George Karl Slams Carmelo Anthony in His Autobiography

carmelo anthony

It is no secret that George Karl is a tough and very passionate coach. Once again, he showed this temperament when writing in his book — especially on certain topics such as Carmelo Anthony.

In his autobiography “Furious George”, Karl criticizes Carmelo Anthony and his attitude towards defense, self-promoting and selfishness.

Karl was the head coach of Denver Nuggets from 2005 until 2015, and he coached Carmelo Anthony for seven and a half years.

“Carmelo Anthony was a true conundrum for me in the six years I had him,” Karl mentioned in the book. “He was the best offensive player I ever coached. He was also a user of people, addicted to the spotlight, and very unhappy when he had to share it.” Karl continued, “He really lit my fuse with his low demand for himself on defense. He had no commitment to the hard, dirty work of stopping the other guy. My ideal – probably every coach’s ideal – is when your best player also is your leader. But since Carmelo only played hard on one side of the ball, he made it plain and simple he couldn’t lead the Nuggets, even though he said he wanted to. Coaching him meant working around his defense and compensating for his attitude.”

Carmelo Anthony, who was averaging 24.8 points and 6.3 rebounds, requested a trade in the midseason of 2011, after seven years and  making it to the Conference Finals in 2009.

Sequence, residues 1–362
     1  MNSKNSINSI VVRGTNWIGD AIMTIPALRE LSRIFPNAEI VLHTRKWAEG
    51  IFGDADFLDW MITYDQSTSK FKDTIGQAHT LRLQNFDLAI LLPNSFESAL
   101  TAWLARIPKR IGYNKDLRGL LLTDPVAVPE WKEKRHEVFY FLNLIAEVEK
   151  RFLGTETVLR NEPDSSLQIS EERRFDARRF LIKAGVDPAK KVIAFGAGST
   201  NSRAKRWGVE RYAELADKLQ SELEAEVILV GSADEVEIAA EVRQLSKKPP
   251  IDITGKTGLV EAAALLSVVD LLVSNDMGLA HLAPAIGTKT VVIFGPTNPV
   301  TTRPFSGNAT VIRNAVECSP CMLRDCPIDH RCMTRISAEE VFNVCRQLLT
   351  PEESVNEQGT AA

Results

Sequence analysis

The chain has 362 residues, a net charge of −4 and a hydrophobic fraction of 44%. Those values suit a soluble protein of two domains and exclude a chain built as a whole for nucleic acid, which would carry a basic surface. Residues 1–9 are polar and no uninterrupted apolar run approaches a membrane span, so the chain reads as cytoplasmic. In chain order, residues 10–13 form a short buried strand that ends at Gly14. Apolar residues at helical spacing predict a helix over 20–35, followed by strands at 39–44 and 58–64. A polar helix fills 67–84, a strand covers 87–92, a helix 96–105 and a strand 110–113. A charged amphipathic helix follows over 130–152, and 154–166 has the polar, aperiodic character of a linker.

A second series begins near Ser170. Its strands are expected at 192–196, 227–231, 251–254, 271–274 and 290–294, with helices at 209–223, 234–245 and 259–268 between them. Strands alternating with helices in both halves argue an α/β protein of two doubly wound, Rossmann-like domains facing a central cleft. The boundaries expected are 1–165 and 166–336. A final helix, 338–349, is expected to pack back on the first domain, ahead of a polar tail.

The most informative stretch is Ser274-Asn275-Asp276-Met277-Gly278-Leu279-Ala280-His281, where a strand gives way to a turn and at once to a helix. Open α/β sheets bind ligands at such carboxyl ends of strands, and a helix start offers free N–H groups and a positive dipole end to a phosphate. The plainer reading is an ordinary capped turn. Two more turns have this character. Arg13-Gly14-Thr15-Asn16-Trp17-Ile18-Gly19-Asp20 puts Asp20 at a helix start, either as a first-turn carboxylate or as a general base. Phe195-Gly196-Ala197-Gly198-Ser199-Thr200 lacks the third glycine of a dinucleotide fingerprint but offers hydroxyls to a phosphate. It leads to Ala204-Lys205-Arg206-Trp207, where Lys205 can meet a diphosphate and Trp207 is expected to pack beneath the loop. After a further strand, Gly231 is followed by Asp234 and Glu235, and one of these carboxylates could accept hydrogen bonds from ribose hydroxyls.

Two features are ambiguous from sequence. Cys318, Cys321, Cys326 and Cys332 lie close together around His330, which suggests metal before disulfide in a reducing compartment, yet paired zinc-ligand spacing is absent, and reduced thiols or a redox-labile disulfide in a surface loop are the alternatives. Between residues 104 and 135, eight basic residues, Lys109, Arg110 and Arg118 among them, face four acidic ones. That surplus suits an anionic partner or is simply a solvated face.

He went to New York, along with Chauncey Billups, in exchange for Danilo Gallinari, Wilson Chandler, Raymond Felton Timofey Mozgov and draft picks in 2011 NBA draft.

After this trade, George Karl said the experience was like “a sweet release for the coach and the team, like popping a blister,” and added that they have won in this trade.

In his book he also slammed Kenyon Martin and J.R. Smith, calling them “the spoiled brats you see in junior golf and junior tennis.” He also added about Anthony and Martin that they had no role model: “Kenyon and Carmelo carried two big burdens: all that money and no father to show them how to act like a man.”

He was a little softer to J.R. Smith, but also unpleasant, saying that he only listened to his father who was advised him to shoot all the time, no matter the position. “He urged his son to shoot the ball and keep shooting it from the very moment I put him in the game.”

He added that he was disappointed when J.R. was traded because he was obviously a talented player. Denver didn’t help him develop into the superstar he could have been.

George Karl is one of the few coaches to have over 1000 wins in his career, with a record 1175 wins and 824 losses. He spent 32 years as a head coach at the Cleveland Cavaliers, Golden State Warriors, Seattle SuperSonics, Milwaukee Bucks and Denver Nuggets. Currently he is at Sacramento.

In 2013, he was named coach of the year. He was also was also the head coach for the NBA-all Star Game four times.


Please enter your comment!
Please enter your name here